AEI/Brookings Working Group on Poverty and Opportunity. (2015). Opportunity, responsibility, and security: A consensus plan for reducing poverty and restoring the American dream. Washington DC: American Enterprise Institute for Public Policy and the Brookings Institution.

Berman, S., with Chaffee, S., & Sarmiento, J. (2018). The practice base for how we learn: Supporting students’ social, emotional, and academic development — Consensus statements of practice from the Council of Distinguished Educators. Washington, DC: National Commission on Social, Emotional, and Academic Development, The Aspen Institute.

Bridgeland, J., Bruce, M., & Hariharan, A. (2013). The missing piece: A national teacher survey on how social and emotional learning can empower children and transform schools. Washington, DC: Civic Enterprises and Hart Research Associates for CASEL.

Collaborative for Academic, Social, and Emotional Learning (CASEL). (2017). Key implementation insights from the Collaborating District Initiative. Chicago, IL: Author.

DePaoli, J.L., Atwell, M., & Bridgeland, J. (2017). Ready to lead: A national principal survey on how social and emotional learning can prepare children and transform schools. Washington, DC: Civic Enterprises and Hart Research Associates for CASEL.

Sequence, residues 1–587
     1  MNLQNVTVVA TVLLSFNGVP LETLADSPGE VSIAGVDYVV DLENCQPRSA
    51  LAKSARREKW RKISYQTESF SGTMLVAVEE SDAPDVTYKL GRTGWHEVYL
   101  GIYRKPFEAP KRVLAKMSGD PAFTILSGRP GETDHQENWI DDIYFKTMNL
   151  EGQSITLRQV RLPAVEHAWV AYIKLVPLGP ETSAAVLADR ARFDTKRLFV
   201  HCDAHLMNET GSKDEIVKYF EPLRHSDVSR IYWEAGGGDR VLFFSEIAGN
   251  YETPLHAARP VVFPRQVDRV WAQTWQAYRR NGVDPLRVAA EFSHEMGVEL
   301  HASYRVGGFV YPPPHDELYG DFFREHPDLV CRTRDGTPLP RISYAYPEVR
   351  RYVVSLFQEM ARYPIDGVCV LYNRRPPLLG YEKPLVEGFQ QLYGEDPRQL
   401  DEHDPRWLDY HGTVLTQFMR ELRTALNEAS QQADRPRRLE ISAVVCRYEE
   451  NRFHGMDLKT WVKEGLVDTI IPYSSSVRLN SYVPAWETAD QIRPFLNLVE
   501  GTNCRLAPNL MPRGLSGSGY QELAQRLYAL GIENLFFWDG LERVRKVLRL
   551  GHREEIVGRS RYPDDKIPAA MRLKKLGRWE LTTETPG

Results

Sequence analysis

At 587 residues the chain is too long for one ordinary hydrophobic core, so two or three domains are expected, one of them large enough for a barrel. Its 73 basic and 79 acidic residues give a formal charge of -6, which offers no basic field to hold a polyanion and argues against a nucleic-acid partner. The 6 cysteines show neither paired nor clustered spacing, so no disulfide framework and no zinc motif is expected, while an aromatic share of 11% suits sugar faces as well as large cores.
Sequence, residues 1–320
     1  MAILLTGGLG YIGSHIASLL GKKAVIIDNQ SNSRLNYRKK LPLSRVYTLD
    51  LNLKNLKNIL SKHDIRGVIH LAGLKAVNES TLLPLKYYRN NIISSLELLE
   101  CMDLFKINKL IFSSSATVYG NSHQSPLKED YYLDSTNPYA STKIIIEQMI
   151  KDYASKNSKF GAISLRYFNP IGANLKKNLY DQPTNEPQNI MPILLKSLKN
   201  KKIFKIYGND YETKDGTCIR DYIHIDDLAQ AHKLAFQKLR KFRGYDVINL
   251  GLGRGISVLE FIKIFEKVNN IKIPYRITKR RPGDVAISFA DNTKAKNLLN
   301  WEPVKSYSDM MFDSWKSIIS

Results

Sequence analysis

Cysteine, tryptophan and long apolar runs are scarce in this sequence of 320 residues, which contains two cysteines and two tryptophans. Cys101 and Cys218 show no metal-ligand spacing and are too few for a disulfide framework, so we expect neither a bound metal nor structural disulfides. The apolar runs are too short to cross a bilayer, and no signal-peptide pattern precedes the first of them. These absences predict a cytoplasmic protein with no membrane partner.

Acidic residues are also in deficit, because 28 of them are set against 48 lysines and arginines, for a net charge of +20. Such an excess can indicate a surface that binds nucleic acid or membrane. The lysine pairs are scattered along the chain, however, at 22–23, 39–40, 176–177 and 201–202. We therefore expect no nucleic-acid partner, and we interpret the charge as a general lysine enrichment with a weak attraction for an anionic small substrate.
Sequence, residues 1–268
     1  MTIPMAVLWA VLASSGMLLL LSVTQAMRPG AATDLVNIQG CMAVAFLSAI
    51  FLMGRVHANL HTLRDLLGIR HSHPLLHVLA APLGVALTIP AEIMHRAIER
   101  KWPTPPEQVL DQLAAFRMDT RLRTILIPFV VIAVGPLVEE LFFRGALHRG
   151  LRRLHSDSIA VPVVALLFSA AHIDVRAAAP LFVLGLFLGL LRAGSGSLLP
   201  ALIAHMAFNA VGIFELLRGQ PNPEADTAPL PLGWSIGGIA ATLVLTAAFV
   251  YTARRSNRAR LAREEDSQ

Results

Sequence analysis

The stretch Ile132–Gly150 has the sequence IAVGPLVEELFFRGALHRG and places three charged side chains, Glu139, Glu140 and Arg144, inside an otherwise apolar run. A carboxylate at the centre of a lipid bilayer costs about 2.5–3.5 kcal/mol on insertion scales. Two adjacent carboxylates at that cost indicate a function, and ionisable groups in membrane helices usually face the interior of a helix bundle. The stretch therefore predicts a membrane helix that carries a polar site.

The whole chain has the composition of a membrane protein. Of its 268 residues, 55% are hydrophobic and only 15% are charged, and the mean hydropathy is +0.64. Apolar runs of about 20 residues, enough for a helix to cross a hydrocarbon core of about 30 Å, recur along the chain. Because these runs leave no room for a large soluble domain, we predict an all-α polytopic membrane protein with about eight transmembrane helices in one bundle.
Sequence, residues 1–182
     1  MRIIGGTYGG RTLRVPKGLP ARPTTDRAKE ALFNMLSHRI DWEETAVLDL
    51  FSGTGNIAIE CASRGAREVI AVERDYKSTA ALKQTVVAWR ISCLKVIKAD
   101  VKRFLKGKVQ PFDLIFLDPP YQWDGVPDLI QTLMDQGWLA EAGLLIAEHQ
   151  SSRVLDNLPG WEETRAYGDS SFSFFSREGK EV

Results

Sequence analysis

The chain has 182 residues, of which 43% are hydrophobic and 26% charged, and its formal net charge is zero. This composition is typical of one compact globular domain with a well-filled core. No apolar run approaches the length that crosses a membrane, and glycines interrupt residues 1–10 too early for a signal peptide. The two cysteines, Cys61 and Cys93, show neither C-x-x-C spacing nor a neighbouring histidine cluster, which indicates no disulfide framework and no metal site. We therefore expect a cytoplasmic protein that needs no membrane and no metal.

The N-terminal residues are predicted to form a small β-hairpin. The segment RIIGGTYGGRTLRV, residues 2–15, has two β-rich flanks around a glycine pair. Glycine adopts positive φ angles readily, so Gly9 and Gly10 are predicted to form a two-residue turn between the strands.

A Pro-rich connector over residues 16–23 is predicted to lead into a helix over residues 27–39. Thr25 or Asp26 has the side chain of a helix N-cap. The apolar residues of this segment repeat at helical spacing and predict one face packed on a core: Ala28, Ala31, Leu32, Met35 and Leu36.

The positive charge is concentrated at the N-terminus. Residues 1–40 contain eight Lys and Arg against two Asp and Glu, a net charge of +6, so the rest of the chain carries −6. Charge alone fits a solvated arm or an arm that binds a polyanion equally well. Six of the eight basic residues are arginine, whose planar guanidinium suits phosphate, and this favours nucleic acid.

Duncan, R., Washburn, I.J., Lewis, K.M., Bavarian, N., DuBois, D.L., Acock, A.C., . . . & Flay, B.R. (2017). Can universal SEL programs benefit universally? Effects of the Positive Action Program on multiple trajectories of social-emotional and misconduct behaviors. Prevention Science, 18, 214-224.

Durlak, J.A., Weissberg, R.P., Dymnicki, A., Taylor, R.D., & Schellinger, K.B. (2011). The impact of enhancing students’ social and emotional learning: A meta-analysis of school-based universal interventions. Child Development, 82, 405-432.

Dusenbury, L.A., Zadrazil Newman, J., Weissberg, R.P., Goren, P., Domitrovich, C.E., & Mart, A.K. (2015). The case for preschool through high school state learning standards for SEL. In J.A. Durlak, C.E. Domitrovich, R.P. Weissberg, & T.P. Gullotta (Eds.), Handbook for social and emotional learning: Research and practice (pp. 532-548). New York, NY: Guilford Press.

Elias, M.J. (2014). Social-emotional skills can boost Common Core implementation. Phi Delta Kappan, 96 (3), 58-62.

Hill, C.J., Bloom, H.S., Black, A.R., & Lipsey, M.W. (2008). Empirical benchmarks for interpreting effect sizes in research. Child Development Perspectives, 2, 172-177.